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Shar
Someone
That's not the crime as I decsribed it. Are you deliberately misreading?

I wasen't talking about the crime you mentioned. It was a general statement about what i saw your position to be.


Please reread my post. You're not getting my point at all, which is that in addition to murder, a hate crime is an additional crime to the murder.

Someone
Again, I think you're misreading. Murder is murder, and should be punished to the fullest extent of the law. The additional crime is using murder to terrorize a group of people based on their color, sex, or sexual preference.

Let me rephrase.
The act is the crime. not the reason it is commited for. The fact that the person does it to scare people shouldn't change the punishment more than any other reason for doing the crime.

This is more than reason. This is intent. The intent of planting the bomb was to kill a lot of people. The bomb doesn't go off. Is the person just guilty of having explosives? Or was that attempted murder?

Someone
Lawyers? The law? If a black man is killed by a group of thugs in white hoods who burn a cross in his front yard. “Could” that crime be racially motivated? Not every crime against black people is necessarily a hate crime, but a provable hate crime is an act of terror against a community.

It still is the same crime. What it is motivated by shouldn't have a effect on what the punishment is. And as far as i know scaring people isen't a crime. Threatening them directly on the other hand there are laws against.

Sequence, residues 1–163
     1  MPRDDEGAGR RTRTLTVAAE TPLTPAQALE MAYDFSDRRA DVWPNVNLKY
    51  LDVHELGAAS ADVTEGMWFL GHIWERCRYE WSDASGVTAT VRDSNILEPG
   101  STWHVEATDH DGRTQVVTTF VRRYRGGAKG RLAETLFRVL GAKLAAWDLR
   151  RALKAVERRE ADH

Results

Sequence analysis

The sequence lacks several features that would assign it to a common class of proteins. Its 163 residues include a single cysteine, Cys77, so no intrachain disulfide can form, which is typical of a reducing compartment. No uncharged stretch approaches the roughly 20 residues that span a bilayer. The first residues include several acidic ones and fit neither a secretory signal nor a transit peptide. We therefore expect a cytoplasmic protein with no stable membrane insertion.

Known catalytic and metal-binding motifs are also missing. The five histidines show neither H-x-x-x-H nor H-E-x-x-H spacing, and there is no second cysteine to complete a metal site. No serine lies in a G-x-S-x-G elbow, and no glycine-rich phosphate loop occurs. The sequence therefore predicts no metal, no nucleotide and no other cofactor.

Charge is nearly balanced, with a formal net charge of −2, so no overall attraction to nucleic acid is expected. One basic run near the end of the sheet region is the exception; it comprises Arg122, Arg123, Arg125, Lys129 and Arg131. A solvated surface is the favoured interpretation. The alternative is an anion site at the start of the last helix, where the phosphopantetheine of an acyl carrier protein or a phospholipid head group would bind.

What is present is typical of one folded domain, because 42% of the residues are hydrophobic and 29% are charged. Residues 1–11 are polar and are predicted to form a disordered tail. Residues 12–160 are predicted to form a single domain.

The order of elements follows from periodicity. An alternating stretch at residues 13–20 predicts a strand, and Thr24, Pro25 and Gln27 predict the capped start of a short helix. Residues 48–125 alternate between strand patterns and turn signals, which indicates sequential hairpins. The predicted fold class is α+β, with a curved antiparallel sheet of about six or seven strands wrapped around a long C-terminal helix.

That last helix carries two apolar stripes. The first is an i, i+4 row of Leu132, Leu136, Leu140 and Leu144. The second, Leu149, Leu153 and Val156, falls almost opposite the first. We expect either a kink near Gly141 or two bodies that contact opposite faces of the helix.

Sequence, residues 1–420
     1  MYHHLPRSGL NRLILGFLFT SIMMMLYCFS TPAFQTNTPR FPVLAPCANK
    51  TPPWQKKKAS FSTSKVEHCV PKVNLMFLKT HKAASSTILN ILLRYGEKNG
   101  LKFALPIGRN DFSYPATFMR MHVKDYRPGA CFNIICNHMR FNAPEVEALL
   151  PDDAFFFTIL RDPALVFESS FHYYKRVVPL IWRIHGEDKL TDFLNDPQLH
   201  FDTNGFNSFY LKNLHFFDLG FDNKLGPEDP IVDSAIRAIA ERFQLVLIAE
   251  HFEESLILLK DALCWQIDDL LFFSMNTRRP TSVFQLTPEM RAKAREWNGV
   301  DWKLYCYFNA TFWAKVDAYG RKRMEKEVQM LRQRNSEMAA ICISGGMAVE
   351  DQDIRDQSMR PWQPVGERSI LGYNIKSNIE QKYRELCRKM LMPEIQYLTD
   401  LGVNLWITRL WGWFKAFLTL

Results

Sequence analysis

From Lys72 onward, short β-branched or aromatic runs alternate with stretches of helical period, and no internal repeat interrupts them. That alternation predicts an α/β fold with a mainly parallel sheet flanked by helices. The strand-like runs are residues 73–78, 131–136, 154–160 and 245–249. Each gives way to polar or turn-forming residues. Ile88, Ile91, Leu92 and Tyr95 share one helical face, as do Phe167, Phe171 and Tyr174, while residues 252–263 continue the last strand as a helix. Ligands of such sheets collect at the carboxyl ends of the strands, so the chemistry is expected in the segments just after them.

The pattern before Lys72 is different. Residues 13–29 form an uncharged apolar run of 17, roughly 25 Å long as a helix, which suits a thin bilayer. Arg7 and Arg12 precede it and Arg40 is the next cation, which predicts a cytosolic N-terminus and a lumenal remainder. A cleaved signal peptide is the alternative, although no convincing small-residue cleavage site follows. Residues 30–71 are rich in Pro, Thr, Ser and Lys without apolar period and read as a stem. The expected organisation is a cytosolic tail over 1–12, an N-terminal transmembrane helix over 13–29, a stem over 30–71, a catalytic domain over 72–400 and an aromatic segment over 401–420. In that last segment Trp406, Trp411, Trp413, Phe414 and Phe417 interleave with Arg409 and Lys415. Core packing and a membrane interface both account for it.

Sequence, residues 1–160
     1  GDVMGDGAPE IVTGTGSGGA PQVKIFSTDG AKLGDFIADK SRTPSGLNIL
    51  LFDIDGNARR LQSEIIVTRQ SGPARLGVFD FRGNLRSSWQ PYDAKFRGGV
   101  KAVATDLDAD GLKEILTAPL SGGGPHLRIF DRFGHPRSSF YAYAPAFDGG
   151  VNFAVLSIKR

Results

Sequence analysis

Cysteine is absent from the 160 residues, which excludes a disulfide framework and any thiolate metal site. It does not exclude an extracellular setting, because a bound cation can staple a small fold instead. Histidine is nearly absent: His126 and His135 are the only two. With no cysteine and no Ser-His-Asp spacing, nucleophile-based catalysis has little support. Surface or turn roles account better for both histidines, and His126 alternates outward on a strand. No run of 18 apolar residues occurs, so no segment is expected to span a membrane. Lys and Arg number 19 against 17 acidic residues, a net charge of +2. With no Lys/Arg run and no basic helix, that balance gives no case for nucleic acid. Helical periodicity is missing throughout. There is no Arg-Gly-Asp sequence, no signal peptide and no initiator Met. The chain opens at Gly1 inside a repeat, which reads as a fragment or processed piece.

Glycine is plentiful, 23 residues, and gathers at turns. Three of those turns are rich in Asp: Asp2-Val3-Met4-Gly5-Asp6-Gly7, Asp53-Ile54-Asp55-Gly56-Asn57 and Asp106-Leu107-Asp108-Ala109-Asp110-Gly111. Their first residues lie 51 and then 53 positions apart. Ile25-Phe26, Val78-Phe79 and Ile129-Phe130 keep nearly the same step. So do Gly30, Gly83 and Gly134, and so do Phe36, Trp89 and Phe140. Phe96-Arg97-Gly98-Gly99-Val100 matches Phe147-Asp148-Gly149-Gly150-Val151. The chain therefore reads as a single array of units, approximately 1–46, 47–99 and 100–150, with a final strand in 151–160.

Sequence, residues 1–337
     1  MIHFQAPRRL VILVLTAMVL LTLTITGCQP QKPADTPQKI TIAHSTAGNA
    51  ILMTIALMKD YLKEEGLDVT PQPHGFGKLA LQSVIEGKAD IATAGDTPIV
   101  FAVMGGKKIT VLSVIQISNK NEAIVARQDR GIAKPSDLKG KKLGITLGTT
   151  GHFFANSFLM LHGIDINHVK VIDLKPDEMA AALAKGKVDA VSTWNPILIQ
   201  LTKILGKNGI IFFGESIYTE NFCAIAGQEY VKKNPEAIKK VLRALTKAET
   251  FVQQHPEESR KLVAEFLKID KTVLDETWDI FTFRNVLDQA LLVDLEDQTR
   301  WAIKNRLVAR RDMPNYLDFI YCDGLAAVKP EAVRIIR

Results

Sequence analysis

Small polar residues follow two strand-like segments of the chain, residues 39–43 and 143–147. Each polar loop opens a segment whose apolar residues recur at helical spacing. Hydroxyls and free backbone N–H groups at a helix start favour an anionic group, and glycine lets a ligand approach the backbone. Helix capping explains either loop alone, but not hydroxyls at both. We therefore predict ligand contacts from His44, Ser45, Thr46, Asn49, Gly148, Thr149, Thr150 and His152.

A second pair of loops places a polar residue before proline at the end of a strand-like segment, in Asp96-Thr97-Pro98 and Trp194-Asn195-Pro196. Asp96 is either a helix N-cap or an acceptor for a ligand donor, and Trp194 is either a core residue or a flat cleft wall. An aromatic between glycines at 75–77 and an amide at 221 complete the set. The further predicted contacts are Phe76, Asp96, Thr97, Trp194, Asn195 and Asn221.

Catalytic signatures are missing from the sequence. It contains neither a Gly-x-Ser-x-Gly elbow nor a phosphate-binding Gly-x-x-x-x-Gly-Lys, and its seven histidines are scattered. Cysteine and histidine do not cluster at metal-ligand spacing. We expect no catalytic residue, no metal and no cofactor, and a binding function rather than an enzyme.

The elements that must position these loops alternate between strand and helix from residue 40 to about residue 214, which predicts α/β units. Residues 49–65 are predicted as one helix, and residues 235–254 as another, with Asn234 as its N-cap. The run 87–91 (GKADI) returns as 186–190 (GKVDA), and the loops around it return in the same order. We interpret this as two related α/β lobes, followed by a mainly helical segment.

Someone
If there was a group of homosexuals who were killing off straight people to drive them away, *of course* that would be a hate crime. Just as if it were a group of blacks doing it to drive whites out of their neighborhood. But lets be real. That's not happening. But if it was, that would be just as much a hate crime.

So you agree with me ?

No. I'm saying both are hate crimes, and would be punished as a hate crime in addition to the other charges. At this point, I'm wondering if you're being deliberately obtuse, because my meaning was crytal clear.
Someone
I disagree with your logic, because under what you say, assault with intent to commit murder is just assault. You'd also do away with “attempted murder” because they didn't succeed? I guess genocide is just murder then.

Opinion and reason for commiting something doesn't equal intent.

You're still being obtuse. The intent *is* the hate crime, since the intent is to terrorize a group based on race, gender, or sexual preference.



Someone
You don't have to explain though. I think I understand where you're coming from, which probably has nothing to do with crimes and appropriate punishment.